Some of the pieces touch on the political issues facing Islamic countries. A series of paintings by Laila Shawa, a Palestinian artist living in London, touch on the conflict between Israel and Palestinians.

Shawa's silkscreen on paper work, "Amended Resolutions 1," superimposes a United Nations resolution that established a special committee to investigate Israeli practices in occupied territories with the image of rubble, possibly a destroyed home.

A piece by Fahda Bint Saud of Saudi Arabia depicts three women whose faces and entire bodies are concealed by a veil — one covering her eyes, another her ears and the third her mouth.

The exhibit also includes a work by Al Hashemi, who wrote Arabic calligraphy in several colors on layers of handmade paper."It says, `He is Love,'" she said as she toured the exhibit before its opening at the Clinton library.

Most of the artists featured won't be on hand for its U.S. tour. After Little Rock, the art will be displayed at the University of Southern Mississippi in Hattiesburg beginning in October, said Susan Anderson, executive director of the ArtReach Foundation, which is presenting the paintings during its U.S. tour.

Turmoil Nawal Abdullah. (Jordan, 1951).
Oil on canvas. (120 X 194 cm).
Nawal Abdullah, a painter living in Amman, Jordan, said in a telephone interview that she hoped the exhibition would bridge a gap between the cultures. By showing the art of the Islamic world, she said, the exhibit shows that there are more similarities than differences between the United States and Islamic countries.

"Art for me is my language," said Nawal Abdullah. "It's a means for a need to communicate the true feelings. I hope that people will understand me and they will all feel the same language."

Read the Full Article on or on Yahoo! News

Sunday, January 11, 2009

The Goddess Gardens ~ Photo Essay

The Goddess Gardens ~ A Photo Essay
 "The Solutions cannot be found at the same levels
they were created at..."

Just ask Mother Earth.
Big Goddess Sentinent Being Gaia.
The infinite and the finite
create stillness and movement
in one Creation...
True Creativity combines the Divine Body of Consciousness
at its most precious expression and expansion
in form as The Conscious Human Being.

image: jean luc bozzoli

"The Greater the Love,
the Greater the Responsiblity TO LOVE..."
July 1, 2008

Liz Willams leans against her favorite horse, Percy,
while out on her annual ride through
Muskwa-Kechika Management Area.
As an employee of British Columbia's
Ministry of the Environment,
she travels through Muskwa-Kechika
for two weeks each year.

Photograph by Michael Christopher Brown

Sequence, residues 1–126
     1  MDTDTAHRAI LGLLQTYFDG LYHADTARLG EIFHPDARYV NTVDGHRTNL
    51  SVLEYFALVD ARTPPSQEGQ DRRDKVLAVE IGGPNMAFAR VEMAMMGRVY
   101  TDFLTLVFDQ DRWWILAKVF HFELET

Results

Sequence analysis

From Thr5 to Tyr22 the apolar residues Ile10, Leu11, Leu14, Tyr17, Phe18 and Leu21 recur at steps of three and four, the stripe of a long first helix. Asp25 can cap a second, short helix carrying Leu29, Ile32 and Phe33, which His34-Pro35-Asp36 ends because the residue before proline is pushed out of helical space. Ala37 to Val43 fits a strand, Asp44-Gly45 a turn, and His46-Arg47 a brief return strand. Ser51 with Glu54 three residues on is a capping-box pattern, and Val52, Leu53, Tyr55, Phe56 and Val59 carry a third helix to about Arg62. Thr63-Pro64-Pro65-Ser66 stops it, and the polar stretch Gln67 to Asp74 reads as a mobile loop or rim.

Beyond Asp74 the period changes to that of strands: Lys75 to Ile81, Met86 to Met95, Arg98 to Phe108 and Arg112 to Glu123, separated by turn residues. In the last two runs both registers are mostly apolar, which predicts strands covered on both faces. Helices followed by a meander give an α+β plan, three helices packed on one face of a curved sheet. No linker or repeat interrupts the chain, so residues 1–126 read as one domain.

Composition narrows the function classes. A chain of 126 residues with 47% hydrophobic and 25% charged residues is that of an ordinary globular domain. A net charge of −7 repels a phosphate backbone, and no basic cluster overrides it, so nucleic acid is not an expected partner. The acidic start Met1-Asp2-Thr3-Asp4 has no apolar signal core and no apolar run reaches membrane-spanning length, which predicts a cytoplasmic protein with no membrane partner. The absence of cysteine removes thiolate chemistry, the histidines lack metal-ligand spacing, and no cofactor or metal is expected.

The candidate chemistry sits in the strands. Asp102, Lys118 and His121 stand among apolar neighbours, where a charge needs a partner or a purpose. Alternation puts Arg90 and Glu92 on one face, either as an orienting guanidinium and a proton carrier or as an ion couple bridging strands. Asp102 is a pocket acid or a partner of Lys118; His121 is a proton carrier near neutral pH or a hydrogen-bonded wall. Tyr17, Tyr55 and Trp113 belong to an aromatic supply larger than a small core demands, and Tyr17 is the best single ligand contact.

Photo Date: September 4, 2007

St. Mikhails Church Virkuta Russia
OUR SHOT Daily Photo Series
from National Geographic
February 6, 2008

Easter cakes, candles, and eggs await the traditional
Easter blessing outside St. Mikhail's Church
in the city of Vorkuta, Russia.
There is usually not enough room in the church
for the blessing, so parishioners leave their items
outside, where they are blessed
in the early dawn of Easter morning.

Photograph by Gerd Ludwig
Photo Date: April 7, 2007

Big Soul In Little Body
OUR SHOT Daily Photo Series
from National Geographic
March 5, 2008
A young girl wanders through the rice fields
outside the village of Dimen located in the
southwestern province of Guizhou in China.

Photograph by Lynn Johnson

A Central Figure of Trust and Wisdom
OUR SHOT Daily Photo Series
from National Geographic
July 21, 2008
Photograph by Lynn Johnson
A community health worker, Sakubai Gite, 32, holds a two-year-old she delivered in the village of Pangulgalvan in India. Photographer Lynn Johnson describes her as a true survivor: "Having contracted leprosy, which disfigured her body, including her hands, she was forced to leave her home by her husband and mother-in-law.

While at Jamkhed Hospital for treatment, she was encouraged to become a village health worker." Today, Sakubai delivers babies and is regarded as a central figure of trust and wisdom in the village. Whenever she visits a home, villagers congregate to listen to her teach facts about nutrition and the value of cleanliness.

The scarred hands are of no consequence to them. They see only her, a friend who has taught them about health and independence, a woman dedicated to serve."

The Sling Shot...
Between worlds and a moment's breath

Banff Centre Mountain Photography Series

Lavender Oceans,
Indian Creek, Utah, USA
Celin Serbo, Boulder, Colorado, USA

Special Mention,
2007 Banff Mountain Photography Competition

“The Indian Creek area of southeastern Utah has always been a special place for me. Countless climbing trips in the spring and fall seasons have made for many of my fondest memories. The endless supply of immaculate and relentless cracks yield some of the best climbing in the world. While a great deal of my time there has been spent struggling to climb and photograph these fantastic routes, I have enjoyed just being in this amazing place. Spring is an incredible time of year in Indian Creek. With the long days and warming weather comes an explosion of lavender in the fields below the soaring Wingate sandstone cliffs. The aroma is overwhelming as the purple flower blankets the valley floor like an ocean. It just seems natural to lie in it as if you are swimming. After a particularly humbling day of climbing, Kerry and I went swimming.”

Celin Serbo is currently based out of Boulder, Colorado, where he has been pursuing a career in photography for the past three years. His background being in climbing and guiding, his photographic influences are rooted in outdoor adventure and the lifestyles surrounding it. Celin has been published with a variety of commercial and editorial clients in the outdoor industry. Most recently, his images from a month-long climbing trip to the remote southern coast of Newfoundland were featured in Climbing magazine. His work is also represented through Aurora Photos stock agency.

Ancient of Days 2
by Visionary Artist Walter Bruneel,

The House of Awakening is NOW...
Do Nothing...
Feel Everything...